A professional development program for schools serving high-need and minority students, created by a partnership led by the National Center for Restructuring Education, Schools & Teaching (NCREST) at Teachers College, has significantly improved students’ success in dual enrollment college courses, according to preliminary results of an independent study conducted by researchers at the University of North Carolina.

NCREST leads the STEM Early College Expansion Partnership (SECEP), which includes Jobs for the Future (JFF) and the Middle College National Consortium (MCNC). SECEP is offering the professional development program in four Michigan school districts and in Bridgeport, Connecticut. Through professional development of educators, the program aims to expand opportunities to take college (dual enrollment) courses while in high school, while also encouraging high quality STEM instruction.

Elisabeth Barnett

Elisabeth Barnett

Elisabeth Barnett, Associate Director of the National Center for Education, Schools and Teaching (NCREST), directs the STEM Early College Expansion Project (SECEP)

A study of the first three years of the five-year project shows “statistically significant positive results, which is highly unusual,” said Jacqueline Ancess, Co-Director of NCREST. The independent study, an external evaluation conducted by SERVE at the University of North Carolina at Greenville, provides feedback to project leadership as well as information widely relevant to policy-makers and practitioners.

The study found that students in high schools participating in SECEP earned an average of 2.4 college credits in dual enrollment courses taken on college campuses, nearly twice the 1.2 credits earned by students in non-SECEP schools with similar demographic characteristics. Nearly 24 percent of 11th and 12th grade students in the SECEP schools earned at least one college credit (up from 7 percent in the year before the study), compared with 15 percent in schools that were not in the program.

High school students in dual enrollment programs can take college-level courses for credit toward both high school and college degrees. The dual enrollment courses were found to be more effective for earning college credits than Advanced Placement high school classes, for which students can earn college credit if they score high enough on a national exam.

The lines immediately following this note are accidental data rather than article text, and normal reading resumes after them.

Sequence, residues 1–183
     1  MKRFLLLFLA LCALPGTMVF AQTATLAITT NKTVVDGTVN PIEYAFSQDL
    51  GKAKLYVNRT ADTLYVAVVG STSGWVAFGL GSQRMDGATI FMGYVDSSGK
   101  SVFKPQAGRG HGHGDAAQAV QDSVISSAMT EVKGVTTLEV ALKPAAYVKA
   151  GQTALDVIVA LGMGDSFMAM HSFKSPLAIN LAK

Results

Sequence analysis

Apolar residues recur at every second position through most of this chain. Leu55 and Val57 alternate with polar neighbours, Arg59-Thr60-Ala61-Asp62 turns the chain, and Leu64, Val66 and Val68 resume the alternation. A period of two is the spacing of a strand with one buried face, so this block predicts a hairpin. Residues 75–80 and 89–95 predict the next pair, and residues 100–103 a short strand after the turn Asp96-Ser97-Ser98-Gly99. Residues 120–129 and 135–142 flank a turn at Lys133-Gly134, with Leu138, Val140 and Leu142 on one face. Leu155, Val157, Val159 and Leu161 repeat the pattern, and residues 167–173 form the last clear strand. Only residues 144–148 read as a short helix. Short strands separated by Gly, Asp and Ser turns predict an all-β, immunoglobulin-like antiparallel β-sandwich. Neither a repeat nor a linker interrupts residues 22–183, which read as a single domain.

Surveys at participating schools found that teachers were incorporating college readiness skills into their instruction, and using more rigorous instruction and project-based learning techniques. The survey also showed improvements in overall school performance, including college-going expectations.

NCREST, along with MCNC and JFF, was awarded a $12 million federal innovation grant in 2013 to design and implement a program for schools in Michigan and Connecticut aimed at boosting enrollment of high-need and minority students in the STEM disciplines and in early college courses.

The program is designed to “promote participation in college course-taking, plus develop stronger college-going culture, and to get students more interested in STEM,” Barnett said. It was also designed “to get teachers more engaged in using project-based, active learning modalities in STEM instruction.”

Previous studies by NCREST and the Community College Research Center (CCRC), also at Teachers College, have shown that early college programs, in which high school students take college-level courses for college credit, can improve academic success for underprepared and disadvantaged students in college. They are also more likely to enroll in postsecondary institutions and attain a postsecondary credential. 

The SECEP program was designed to test whether supports for leaders and teachers could help produce the same results for underserved students in early college programs in the STEM fields, where they are under-represented.

The preliminary results were not all positive. Although overall participation in early college programs has risen, minority and disadvantaged students continue to participate at lower rates than white and non-disadvantaged students. Only 10 percent of minority students and 16 percent of economically disadvantaged students participated in dual enrollment courses, compared with participation by 27 percent of nonminority and 29 percent of non-disadvantaged students, the study found.

SECEP schools had lower (but not significantly different) dropout rates than comparison schools.

Researchers are studying 22,000 students across 14 school districts in the Genesee, Washtenaw, Delta-Schoolcraft and Lapeer County Intermediate School Districts in Michigan; and Bridgeport, Connecticut. The early results, however, were only from the Michigan districts. So far, SECEP has trained 365 teachers and conducted 600 coaching sessions with teachers.

Teacher training was provided by Teachers College faculty members Christopher Emdin, Associate Professor of Science Education; Erica Walker, Clifford Brewster Upton Professor of Mathematical Education; and Ellen Meier, Professor of Practice and Director of TC’s Center for School Change and Technology, as well as other leaders in STEM education.